Over many years, Baha'i-owned properties in Ivel, Iran, have been attacked and unjustly confiscated, displacing dozens of families and leaving them economically impoverished. These images show a home that was burned in 2007

Baha’i persecutions escalate in Iran

Baha’i persecutions escalate in Iran

By Pete Haug

Last February a story broke about Iranians demolishing homes of Baha’is with court approval. “No wrongdoing had occurred,” the court determined, because “ownership of property by the 27 Baha’is” was not valid “due to their membership in the Baha’i faith.”

At the time, a spokesman for the U.S. Baha’i Public Affairs Office termed that decision “significant” because it represented a “departure from prior written opinions.” Judges in the past admitted orally that “religious discrimination” was “the reason for their decisions,” but in written opinions they were careful to justify similar confiscations using technicalities, such as alleged violations of zoning/permitting ordinances.

The spokesman called the written admission of discrimination “worrisome” because it “may signal a growing lack of concern with public opinion,” which “has long been the primary mitigator of Iranian government persecution against Baha’is.”

That observation was prescient. A year later Iran’s regime is increasing  its own wealth by confiscating Baha’i properties, according to the Baha’i International Community (BIC). The execution of Imam Khomeini’s Order (EIKO) is orchestrating a rising trend of confiscations of Baha’i properties. EIKO is entirely controlled by Iran’s leadership. It holds extensive assets across Iran.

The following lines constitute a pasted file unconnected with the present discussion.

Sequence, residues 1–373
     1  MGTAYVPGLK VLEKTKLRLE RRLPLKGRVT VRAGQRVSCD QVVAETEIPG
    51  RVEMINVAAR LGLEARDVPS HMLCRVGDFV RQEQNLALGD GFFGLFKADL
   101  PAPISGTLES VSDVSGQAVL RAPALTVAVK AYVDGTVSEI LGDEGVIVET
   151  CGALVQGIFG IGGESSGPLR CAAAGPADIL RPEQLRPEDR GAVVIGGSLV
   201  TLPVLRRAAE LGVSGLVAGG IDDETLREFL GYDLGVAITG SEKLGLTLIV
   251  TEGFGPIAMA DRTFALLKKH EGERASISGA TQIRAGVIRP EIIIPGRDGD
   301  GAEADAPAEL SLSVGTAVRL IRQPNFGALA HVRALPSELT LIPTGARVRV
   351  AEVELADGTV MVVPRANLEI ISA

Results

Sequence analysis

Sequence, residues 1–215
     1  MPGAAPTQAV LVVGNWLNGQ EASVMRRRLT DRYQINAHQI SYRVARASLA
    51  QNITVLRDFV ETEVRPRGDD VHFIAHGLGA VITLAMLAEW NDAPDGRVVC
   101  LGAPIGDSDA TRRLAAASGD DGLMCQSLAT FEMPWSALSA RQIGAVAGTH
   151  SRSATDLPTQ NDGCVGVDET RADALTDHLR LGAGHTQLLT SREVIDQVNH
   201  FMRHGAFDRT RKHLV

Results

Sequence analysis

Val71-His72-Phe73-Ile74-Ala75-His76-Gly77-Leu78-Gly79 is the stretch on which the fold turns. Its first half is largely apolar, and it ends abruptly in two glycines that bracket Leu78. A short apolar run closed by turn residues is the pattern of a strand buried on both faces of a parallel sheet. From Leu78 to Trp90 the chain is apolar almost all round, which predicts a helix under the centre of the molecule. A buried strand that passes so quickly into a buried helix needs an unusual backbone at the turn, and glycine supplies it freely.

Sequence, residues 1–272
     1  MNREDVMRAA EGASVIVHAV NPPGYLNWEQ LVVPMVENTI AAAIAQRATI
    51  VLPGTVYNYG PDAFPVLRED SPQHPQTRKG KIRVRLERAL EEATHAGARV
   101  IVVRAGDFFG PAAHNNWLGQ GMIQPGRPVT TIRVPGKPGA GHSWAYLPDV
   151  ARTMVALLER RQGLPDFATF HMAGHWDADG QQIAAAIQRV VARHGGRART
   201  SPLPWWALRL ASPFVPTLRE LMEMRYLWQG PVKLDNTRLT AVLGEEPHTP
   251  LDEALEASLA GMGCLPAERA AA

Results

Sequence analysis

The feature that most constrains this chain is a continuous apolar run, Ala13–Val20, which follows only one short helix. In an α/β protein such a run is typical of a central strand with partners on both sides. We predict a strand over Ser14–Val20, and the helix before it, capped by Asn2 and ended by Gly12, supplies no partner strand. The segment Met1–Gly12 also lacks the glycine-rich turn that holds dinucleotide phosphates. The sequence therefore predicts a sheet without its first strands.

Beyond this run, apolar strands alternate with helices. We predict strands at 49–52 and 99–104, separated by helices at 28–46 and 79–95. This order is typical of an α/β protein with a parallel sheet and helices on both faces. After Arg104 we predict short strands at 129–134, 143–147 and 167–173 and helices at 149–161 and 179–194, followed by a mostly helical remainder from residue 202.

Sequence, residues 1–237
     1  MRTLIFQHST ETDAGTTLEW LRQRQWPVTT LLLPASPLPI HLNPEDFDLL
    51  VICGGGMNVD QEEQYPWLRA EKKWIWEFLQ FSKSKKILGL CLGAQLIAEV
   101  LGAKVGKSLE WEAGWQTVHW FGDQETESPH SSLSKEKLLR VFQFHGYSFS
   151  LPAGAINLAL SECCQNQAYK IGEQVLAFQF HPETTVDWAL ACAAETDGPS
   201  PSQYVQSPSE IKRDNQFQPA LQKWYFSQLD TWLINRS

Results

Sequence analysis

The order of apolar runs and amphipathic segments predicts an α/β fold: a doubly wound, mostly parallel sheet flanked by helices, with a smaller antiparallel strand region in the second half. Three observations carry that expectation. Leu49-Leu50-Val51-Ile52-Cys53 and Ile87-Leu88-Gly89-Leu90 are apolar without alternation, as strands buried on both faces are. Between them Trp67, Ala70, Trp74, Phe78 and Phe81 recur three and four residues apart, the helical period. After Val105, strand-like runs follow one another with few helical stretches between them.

“The seizure by…EIKO of Baha’i properties is a novel and very worrying development for Iranian Baha’is,” said Diane Ala’i, BIC representative at the United Nations in Geneva. “This development demonstrates that the highest levels of Iran’s leadership are orchestrating the persecution of the Baha’is in Iran.” Examples include:

  • Last month, an apartment(link is external) in Mazandaran Province belonging to a Baha’i, Sheida Taeed, was ordered to be confiscated;
  • In December of last year, 13 irrigated farmland plots belonging to Baha’is in the village of Kata in Kohgiluyeh and Boyer-Ahmad Province were appropriated in the midst of a water crisis;
  • Farms owned and cultivated by Baha’i families for more than a century in the village of Roshankooh, also in Mazandaran, have been seized; and
  • Last March, a global campaign that trended under #ItsTheirLand brought attention to years of official efforts to uproot dozens of farming families from the Mazandaran village of Ivel.

A judge ordered the properties in Semnan to be transferred to EIKO under Article 49 of the Iranian Constitution. Under Islamic law, Article 49 requires the government to prove the legitimacy of such seizures. Misusing this law to justify confiscations demonstrates the religiously-motivated purpose behind the seizures.